nichepoetryandprose

poetry and prose about place

Posts Tagged ‘Odd Sundays

apples, apples, apples – preparing for public readings

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apples

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I associate fall with picking apples and enjoying all those apple-related treats – apple cider, apple squares, apple jelly and, of course, the apples themselves.

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As part of my celebrating of fall and apple picking, I will be giving four public readings of my book over the next couple of weeks. Since my book ‘within easy reach’ is about eating local foods, my readings will focus on my memories of the apple harvest and trips to local orchards.

The readings are:

Oct. 15, 2016 (Saturday) Sussex Regional Library 2:00 PM (also reading will be Beth Powning, Gerard Collins and Janie Simpson)
Oct. 16, 2016 (Sunday) Odd Sundays at Corked, Fredericton 2:00 PM (also reading will be Harris Sullivan and participants in the Open Mike Session)
Oct. 22, 2016 (Saturday) Rusagonis Women’s Institute 2:00 PM (their theme this year is Pulse Foods, so I will be including a poem about sprouts!)
Oct. 26, 2016 (Wednesday evening) Holy Trinity Anglican Church, Nasonworth 7:00 PM (this is the first event in a series called Authors Coffee Hour)
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apple-tree
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My preparations for these readings involve a bit of time:
  1. I make a selection of the poems I will read. For the first two readings, I’ll select poems about apple picking – this is the time when New Brunswickers visit local orchards to get the best fall apples! I mark my book with post-it tabs so I can find each passage easily.
  2. I make a few notes about how I want to preface each poem. I put the notes on other post-it tabs right on the page. Some poets don’t like to preface their reading – I like to say something about each poem since I like to prepare the listener.
  3. I practice my readings aloud, including my preface comments. Practicing helps me time the presentation and work out phrasing and emphasis.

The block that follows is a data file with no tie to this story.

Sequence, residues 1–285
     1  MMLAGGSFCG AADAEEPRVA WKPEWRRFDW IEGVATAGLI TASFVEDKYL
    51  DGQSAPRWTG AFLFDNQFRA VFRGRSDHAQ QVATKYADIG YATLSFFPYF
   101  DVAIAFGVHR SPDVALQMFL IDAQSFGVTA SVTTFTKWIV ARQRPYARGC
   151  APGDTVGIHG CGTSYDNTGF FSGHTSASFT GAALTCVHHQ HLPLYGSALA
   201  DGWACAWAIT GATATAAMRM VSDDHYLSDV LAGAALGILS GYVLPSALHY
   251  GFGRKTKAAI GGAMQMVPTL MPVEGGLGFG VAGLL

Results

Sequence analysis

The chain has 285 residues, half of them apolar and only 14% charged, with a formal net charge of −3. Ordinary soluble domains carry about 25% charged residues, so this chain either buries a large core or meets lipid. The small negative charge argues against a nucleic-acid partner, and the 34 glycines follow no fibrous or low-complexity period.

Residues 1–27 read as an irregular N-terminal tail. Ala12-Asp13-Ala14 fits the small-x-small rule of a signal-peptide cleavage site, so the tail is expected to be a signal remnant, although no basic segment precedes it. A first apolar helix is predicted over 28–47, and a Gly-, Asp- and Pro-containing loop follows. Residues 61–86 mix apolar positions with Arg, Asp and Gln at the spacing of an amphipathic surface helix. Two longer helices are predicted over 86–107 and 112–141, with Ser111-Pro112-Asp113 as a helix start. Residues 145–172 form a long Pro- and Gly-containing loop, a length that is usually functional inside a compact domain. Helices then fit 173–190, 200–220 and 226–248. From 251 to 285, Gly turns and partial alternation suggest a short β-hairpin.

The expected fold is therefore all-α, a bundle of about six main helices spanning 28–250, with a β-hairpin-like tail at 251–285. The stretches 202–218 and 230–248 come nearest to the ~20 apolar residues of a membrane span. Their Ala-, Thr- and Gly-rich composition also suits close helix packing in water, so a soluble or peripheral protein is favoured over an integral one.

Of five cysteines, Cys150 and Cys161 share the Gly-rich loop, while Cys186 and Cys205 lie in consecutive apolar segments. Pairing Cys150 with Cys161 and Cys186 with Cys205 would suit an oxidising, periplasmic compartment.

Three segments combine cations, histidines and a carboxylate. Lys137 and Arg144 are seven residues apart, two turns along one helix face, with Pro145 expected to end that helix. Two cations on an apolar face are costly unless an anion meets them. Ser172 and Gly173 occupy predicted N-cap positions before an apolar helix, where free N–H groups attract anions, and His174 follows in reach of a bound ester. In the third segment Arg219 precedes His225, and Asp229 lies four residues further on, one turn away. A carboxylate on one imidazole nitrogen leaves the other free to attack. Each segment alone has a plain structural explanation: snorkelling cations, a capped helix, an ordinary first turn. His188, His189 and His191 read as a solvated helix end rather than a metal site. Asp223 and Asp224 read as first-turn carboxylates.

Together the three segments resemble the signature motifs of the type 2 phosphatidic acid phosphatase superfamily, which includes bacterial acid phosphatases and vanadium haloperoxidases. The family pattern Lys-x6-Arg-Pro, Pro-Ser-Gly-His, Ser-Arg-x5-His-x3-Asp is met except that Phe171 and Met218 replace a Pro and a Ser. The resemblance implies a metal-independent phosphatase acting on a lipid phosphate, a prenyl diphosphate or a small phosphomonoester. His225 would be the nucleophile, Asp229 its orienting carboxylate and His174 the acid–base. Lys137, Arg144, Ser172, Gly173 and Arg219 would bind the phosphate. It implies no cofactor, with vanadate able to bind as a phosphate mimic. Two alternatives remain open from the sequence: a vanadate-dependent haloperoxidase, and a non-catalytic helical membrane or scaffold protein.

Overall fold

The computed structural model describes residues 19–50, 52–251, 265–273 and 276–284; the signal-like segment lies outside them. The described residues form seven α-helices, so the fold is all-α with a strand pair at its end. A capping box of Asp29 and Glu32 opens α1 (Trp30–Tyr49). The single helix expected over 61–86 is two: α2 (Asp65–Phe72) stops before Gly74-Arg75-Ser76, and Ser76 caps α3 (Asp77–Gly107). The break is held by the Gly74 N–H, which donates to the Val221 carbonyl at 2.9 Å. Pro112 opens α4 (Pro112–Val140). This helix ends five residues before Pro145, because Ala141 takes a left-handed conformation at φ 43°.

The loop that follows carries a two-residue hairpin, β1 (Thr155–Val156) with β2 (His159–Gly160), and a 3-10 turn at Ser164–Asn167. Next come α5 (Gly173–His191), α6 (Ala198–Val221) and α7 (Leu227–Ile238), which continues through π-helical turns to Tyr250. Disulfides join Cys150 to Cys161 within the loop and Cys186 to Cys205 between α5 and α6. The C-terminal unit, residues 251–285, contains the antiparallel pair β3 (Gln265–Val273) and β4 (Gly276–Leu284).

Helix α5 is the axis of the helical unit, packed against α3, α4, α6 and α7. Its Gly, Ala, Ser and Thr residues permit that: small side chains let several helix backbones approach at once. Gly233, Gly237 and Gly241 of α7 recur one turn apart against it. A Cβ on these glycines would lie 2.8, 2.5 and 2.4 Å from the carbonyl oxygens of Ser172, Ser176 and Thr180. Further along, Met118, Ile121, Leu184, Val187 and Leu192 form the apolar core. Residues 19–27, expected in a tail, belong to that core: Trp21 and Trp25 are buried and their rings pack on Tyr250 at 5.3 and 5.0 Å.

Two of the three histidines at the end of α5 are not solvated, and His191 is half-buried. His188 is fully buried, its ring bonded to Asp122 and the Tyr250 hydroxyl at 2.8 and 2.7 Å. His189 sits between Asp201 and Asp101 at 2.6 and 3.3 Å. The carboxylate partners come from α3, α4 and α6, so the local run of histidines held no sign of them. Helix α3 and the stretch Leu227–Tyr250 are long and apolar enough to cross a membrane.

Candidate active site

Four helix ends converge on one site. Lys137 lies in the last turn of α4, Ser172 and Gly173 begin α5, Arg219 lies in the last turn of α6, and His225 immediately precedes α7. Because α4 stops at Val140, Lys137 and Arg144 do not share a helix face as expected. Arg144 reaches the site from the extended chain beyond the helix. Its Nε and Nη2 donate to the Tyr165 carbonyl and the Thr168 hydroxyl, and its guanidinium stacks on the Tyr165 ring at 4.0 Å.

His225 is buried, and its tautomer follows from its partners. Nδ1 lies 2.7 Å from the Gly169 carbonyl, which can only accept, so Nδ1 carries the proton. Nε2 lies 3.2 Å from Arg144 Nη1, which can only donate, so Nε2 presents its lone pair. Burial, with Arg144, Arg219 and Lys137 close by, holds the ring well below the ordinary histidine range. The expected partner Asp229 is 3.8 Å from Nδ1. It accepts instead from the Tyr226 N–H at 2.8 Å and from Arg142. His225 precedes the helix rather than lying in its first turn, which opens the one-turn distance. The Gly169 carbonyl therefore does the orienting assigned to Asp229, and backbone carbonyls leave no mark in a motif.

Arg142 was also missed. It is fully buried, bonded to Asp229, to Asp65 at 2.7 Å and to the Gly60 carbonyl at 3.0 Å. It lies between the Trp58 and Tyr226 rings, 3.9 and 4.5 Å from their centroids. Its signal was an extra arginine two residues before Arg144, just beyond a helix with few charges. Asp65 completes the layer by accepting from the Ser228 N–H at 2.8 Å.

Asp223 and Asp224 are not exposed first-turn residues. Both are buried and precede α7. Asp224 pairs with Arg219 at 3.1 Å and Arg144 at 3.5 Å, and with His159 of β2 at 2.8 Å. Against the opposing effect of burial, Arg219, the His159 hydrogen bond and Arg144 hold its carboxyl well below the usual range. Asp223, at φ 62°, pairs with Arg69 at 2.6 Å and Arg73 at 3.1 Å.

4. I do some promotion for each of the readings – posting on my blog, on Facebook and Twitter. For the Authors Coffee Hour I also have a poster to put in a couple of local places.

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I love to read in public. Sometimes I worry a bit about audience response and the possibility I may stumble on delivery. But, if I am well prepared, I can relax, take three deep breaths and enjoy reading my words aloud.

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Copyright 2016  Jane Tims

Written by jane tims

October 14, 2016 at 7:18 am

in the shelter of the covered bridge – update

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Although my blog has been a bit silent this fall, I have been working! Among other projects, I am making great progress on my poetry manuscript ‘in the shelter of the covered bridge’.

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To provide experiences and inventory the plants and animals living in and around covered bridges in the province, my husband and I have visited 28 covered bridges in the drainage basin of the Saint John River and 5 covered bridges in Charlotte and Westmorland Counties.  I have a few more  bridges to visit, but to give a little seasonal diversity to my project, I’ll travel to these in early winter.

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Jane reads at WordsFall 2015

Reading at WordsFall 2015, an annual event of the New Brunswick Writers’ Federation (photo by WFNB)

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As a result of these bridge visits, I’ve written 60 poems. I read five of these last weekend at two writers’ events: WordsFall (Writers’ Federation of New Brunswick http://wfnb.ca/ ) and Odd Sundays (a monthly Fredericton reading event). The poems include the results of my work on different poetic forms – in the manuscript I have examples of the sonnet, ghazal, haiku, tanka and villanelle.

 

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black horse painted in the Quisibis River Covered Bridge (Pont Lavoie)

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As I develop the manuscript, and to help organize the poems, I have sorted them into categories:

  • gaps between boards (deterioration and loss)
  • liminal, shore to shore (transitions)
  • grit of a blade (carvings and history)
  • notch of a lily pad (habitat)
  • a blade of grass between thumbs (mystery)
  • heads of timothy (miscellaneous)
  • a loose board rattles (sounds)

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Writing these poems has given me a glimpse into the living world of the covered bridge. We may cross a bridge daily but it takes a little time to know a bridge and discover the life there. Most of the animals living in or around a covered bridge are timid or hidden, and avoid human contact. The plants provide the setting for the bridge but there is a pattern to the places they grow and some will only be seen if visitors to the bridge slow down. And carved in the beams are the stories of the humans who have been part of the history of the covered bridge.

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Baker Brook #2 Covered Bridge – a deer and a crow are watching us from the hay field

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Copyright 2015 Jane Tims

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